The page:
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HomeAdvisor Telemarketing to Cell Phones TCPA Class Action

Open Book with Title Page Saying "Telephone Consumer Protection Act"

A 2016 statement of the chairman of the Federal Communications Commission (FCC) notes, “Robocalls and telemarketing calls are currently the number one source of consumer complaints at the FCC.” This comment came twenty-five years after the passage of the Telephone Consumer Protection Act (TCPA). The complaint for this class action alleges that HomeAdvisor, Inc. made unwanted calls to consumer cell phones in violation of that Act.

Also in 2016, a document from the Federal Trade Commission (FTC) noted, “The FTC receives more complaints about unwanted calls than all other complaints combined.” Most people heartily dislike telemarketing—but many companies continue to do it, even when it’s illegal. And when it comes in to a consumer cell phone, it’s not just a nuisance but an expense as well.

The TCPA makes it unlawful for telemarketers to place non-emergency calls to consumer cell phones using automatic dialing systems and artificial or prerecorded voices unless the consumers have given their prior express written consent to receive such calls. The rules for the law even set forth how consent must be obtained. Yet the plague of unwanted calls, voicemails, and text messages continues.

On April 18, 2019, Newell received an automated telemarketing call from HomeAdvisor. 

When Newell picked up the call, there was a long pause before a representative picked up. The complaint calls this “a telltale sign” of an automatic dialing system. Automatic dialing systems “dials thousands of numbers at once,” the complaint says, “and only transfers the call to a live agent once a human being is on the line. “ In doing this, “the telemarketing activity shifts the burden of wasted time to call recipients.”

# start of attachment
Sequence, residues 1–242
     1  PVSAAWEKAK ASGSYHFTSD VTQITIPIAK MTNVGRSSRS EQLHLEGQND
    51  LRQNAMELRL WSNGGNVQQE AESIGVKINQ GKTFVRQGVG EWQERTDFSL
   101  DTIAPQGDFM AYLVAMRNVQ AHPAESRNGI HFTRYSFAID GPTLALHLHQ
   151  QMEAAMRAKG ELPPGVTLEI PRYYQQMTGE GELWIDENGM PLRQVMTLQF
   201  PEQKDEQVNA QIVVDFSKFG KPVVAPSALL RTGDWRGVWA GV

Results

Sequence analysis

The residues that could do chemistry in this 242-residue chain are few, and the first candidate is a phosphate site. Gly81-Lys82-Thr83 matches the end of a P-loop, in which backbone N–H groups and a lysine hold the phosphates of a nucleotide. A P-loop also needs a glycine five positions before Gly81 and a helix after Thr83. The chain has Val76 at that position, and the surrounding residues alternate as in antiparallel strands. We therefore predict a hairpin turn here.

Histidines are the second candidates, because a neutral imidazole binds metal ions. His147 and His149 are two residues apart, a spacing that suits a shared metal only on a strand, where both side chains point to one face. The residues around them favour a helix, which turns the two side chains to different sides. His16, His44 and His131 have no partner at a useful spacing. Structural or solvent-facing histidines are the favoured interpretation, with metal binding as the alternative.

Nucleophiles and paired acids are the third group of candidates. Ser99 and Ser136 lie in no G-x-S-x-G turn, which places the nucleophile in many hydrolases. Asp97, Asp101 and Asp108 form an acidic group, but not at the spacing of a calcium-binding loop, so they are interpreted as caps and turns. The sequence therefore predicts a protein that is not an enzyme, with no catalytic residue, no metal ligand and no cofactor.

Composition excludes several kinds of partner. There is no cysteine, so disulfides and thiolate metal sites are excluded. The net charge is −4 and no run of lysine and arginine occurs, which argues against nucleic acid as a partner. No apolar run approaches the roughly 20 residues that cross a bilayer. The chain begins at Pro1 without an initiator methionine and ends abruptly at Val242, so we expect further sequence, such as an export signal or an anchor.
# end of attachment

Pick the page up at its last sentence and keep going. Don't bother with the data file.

In order to get information, Newell pretended to be interested in the sales pitch and asked the representative to send him an e-mail. The e-mail confirmed that the representative was a HomeAdvisor employee.

Newell then received three more automated telemarketing calls from the company. HomeAdvisor “spoofed” its number on caller ID so that it looked as if the calls were coming from a local number. The complaint says that this spoofing is further evidence of the use of an automated dialing system. 

The class for this action is all persons in the US 

  • To whose cell phones 
  • HomeAdvisor or someone acting on its behalf, made one or more non-emergency calls
  • Promoting its services
  • Through the use of an automatic dialing system or an artificial or prerecorded voice,
  • At any time from August 22, 2015 to the trial of this case.
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